Hello, I am Terry Jackson, a 6th year PhD student in Genetics and Genomics at Duke University which is located in Durham, North Carolina, USA. I am working on my degree in the lab of Dr. Philip Benfey whose research focuses on identifying transcription factors in the root of Arabidopsis thaliana. I am pleased to have received a travel award from the journal Development for an international collaboration with Dr. Asaph Aharoni at the Weizmann Institute of Science in Israel. His work includes investigating and identifying glucosinolates, a secondary metabolite that plants produce as a defense mechanism. Together we plan to determine the glucosinolates that are produced in many of the individual cell layers within the root. We intend to use FACS to isolate each cell type using GFP-marker lines followed by LC/MS to identify these compounds.
I knew that my trip here would be an eye-opening experience and I have not been disappointed. Thus far, I have been here for six weeks and it has been quite a grand undertaking. The planning began months before my departure by deciding the length of my stay and how much we could accomplish in that time period. Everything had to be coordinated from the date of my arrival to making sure my host lab had all of the necessary materials to scheduling time on the FACS machine. It seems simple but even now we are making adjustments and revisions.
Clearly, everyone knows that no two labs operate the same but once you get settled into a lab and into the routine you tend to forget. It is surprising the number of small details that are assumed or overlooked during planning. For instance, at Duke we have technicians that run all of the FACS samples. We only have to prepare the samples and drop them off to retrieve a couple of hours later. Here, at the Weismann Institute of Technology, they do not have technicians for this purpose; the researchers are trained to run the machines themselves. I assumed that I would drop off my samples and return to pick them up and Dr. Aharoni’s group thought I already knew how to work the machine. No one asked me about it until a week before I was scheduled to arrive if I could run the machine. Suddenly, they had to schedule training sessions for me on the FACS machine so that I could do it myself. I was very nervous about this at first but it is much easier than I thought. I consider this training to be an added bonus to my skills set as a researcher and it is one of the most enjoyable aspects of the numerous tasks I must complete each week.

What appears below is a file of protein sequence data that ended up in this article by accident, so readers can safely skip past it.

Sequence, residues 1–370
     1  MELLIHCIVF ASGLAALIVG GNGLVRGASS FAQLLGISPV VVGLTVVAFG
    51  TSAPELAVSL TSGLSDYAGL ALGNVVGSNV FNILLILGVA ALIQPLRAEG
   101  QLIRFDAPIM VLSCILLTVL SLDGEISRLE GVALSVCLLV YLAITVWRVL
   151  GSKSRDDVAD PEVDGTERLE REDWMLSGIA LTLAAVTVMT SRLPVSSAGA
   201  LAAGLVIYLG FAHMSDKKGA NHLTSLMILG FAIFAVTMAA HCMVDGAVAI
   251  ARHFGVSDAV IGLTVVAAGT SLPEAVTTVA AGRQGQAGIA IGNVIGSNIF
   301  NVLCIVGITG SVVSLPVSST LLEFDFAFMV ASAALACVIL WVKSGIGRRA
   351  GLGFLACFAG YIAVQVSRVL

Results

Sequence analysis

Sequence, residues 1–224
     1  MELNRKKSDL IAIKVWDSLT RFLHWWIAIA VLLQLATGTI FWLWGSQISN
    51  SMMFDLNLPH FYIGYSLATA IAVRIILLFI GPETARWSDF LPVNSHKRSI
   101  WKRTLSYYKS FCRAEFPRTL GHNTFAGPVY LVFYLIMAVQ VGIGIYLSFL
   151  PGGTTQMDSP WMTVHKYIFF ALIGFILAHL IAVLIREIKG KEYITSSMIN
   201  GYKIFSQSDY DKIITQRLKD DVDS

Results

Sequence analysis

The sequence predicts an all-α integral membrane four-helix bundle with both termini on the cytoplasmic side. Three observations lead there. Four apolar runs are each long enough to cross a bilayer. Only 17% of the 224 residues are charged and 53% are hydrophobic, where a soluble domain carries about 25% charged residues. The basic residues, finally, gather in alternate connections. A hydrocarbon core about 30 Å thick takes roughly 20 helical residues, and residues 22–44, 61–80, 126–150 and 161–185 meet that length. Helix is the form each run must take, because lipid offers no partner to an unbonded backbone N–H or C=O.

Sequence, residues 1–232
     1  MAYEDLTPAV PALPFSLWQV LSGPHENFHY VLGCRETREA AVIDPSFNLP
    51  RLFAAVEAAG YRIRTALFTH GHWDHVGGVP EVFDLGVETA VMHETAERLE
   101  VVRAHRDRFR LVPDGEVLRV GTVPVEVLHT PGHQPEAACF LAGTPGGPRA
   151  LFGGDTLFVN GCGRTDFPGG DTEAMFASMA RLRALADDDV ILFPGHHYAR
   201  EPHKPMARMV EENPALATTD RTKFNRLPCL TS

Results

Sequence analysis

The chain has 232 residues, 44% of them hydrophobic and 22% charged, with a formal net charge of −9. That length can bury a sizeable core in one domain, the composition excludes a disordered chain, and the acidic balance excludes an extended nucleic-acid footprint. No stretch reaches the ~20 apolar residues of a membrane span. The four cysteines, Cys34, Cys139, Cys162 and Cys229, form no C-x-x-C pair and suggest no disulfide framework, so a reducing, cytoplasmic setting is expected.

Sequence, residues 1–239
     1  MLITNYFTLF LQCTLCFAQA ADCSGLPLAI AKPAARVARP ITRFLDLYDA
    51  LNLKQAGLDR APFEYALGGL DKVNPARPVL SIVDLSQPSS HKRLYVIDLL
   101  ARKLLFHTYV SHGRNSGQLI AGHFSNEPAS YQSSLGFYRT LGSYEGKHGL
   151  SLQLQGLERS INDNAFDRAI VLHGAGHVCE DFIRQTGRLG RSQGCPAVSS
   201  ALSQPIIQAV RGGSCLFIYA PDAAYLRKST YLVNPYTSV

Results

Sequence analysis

My original plan was to stay here for two months but, since I needed the FACS training and we’ve had to run several test experiments, I decided it’s best to extend my stay for at least one more month. Other than the glucosinolate experiments I also intend to isolate root cells that form large inclusions under low sulfur conditions and then analyze them with LC/MS to determine their composition. This analysis will probably be the most difficult aspect of the work I am doing here since we are trying to identify and unknown material. Furthermore, it is going to be a steep learning curve for me. I know it is very necessary that I understand the process of completely. In the end I am sure I will return to Duke with a new perspective and knowledge of effective collaborations.